Inspired by the many different pubs and bars in the Ouseburn, Istvan recalls his time working for Allied Breweries in Birmingham.
So Istvan would you mind just telling me how you came to be working at Ansell breweries in Birmingham
Well when I come to this country in 1956, I went to British railways as an engineer, from there, I only worked 8 months, and from there, because I was in Didcot and from there I went off to Birmingham and found Ansell’s brewery was in Birmingham and I went to the labour exchange and they sent me to allied breweries as an engineer and they interviewed me there by the foreman and they said when can you start? But in that time I wasn’t speaking very well English and I couldn’t understand very much of their English and I met Bill, he was the foreman, he took to me for some reason, I don’t know and he said yeah start tomorrow or next week if you like and I said I’ll start tomorrow but I didn’t have much tools at the time and allied breweries gave me some money for some tools to go out but Bill came with me to sort the tools out I need. He paid for it but I had to pay it back to the brewery and that’s how I started at allied breweries and I was there for quite a while.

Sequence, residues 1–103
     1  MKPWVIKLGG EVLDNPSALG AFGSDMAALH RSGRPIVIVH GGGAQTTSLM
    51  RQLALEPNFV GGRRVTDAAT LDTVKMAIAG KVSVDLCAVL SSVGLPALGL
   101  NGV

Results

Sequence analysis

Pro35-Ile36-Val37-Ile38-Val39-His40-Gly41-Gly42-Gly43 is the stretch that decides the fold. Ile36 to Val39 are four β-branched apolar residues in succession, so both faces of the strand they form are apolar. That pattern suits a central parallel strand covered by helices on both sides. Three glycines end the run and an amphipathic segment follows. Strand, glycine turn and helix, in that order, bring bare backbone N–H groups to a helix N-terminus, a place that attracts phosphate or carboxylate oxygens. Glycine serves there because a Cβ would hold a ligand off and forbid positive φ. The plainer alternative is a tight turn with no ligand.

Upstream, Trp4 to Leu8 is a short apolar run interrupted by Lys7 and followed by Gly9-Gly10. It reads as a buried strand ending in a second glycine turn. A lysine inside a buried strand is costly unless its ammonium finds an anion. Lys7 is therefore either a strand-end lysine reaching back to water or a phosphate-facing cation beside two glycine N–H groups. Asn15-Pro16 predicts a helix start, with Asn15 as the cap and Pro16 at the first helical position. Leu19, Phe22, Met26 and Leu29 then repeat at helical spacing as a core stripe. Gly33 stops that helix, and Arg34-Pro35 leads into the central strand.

So what did you do there exactly, what was your job?
Well my job was to repair conveyors, pumps, and weld pipes; all what maintenance engineer had to do in a brewery. So we done all sorts.
So what was it like working there?
Oh it was absolutely brilliant. I didn’t, I found the blokes, my working buddies they was great and no I found the working conditions was alright for me and the wages, they were brilliant actually yeah I don’t think anybody in Birmingham earned better money than us. Newcastle brewers, Ansell brewers and allied brewers, they changed beers. Ansell sent miles up here and Newcastle sent Newcastle brown, I don’t know if they still make them or not, I haven’t been in the pub so I haven’t seen them in the shops so I wouldn’t know and because I don’t drink and it was great because the fellows loved Newcastle brown so, very often they, a few bottles was missing out of the crate but that’s how it went.
You mentioned I think when we were chatting before, can you tell me about the strike in 1981 then you’ve touched on the union to there, what was the strike all about
Well it’s the brewers went out on strike because money and working conditions and they took the rest of the brewery out with them, the brewers, so the whole Ansell brewery was going out, even the transport, well they couldn’t do anything because there was no beer. They could have worked because there was plenty to do but not for a long time, only for short while and the management told them if they go out on, if they take everybody out on strike, they’re going to shut the gates. The union wouldn’t take it they said they’re bluffing. But it was at the time it wasn’t Ansell anymore it was allied breweries, allied breweries bought Ansell’s up and they shut the gates and we couldn’t even go back for our tools for 3 months and then just they took everything out of Ansell’s up to Burton because that’s where allied was and that was it. I’m very very sorry about that because I suppose I could’ve helped longer there because my age even though I was still pretty youngish.
Beyond the Map
Community groups come together to record stories about Newcastle’s Ouseburn Valley.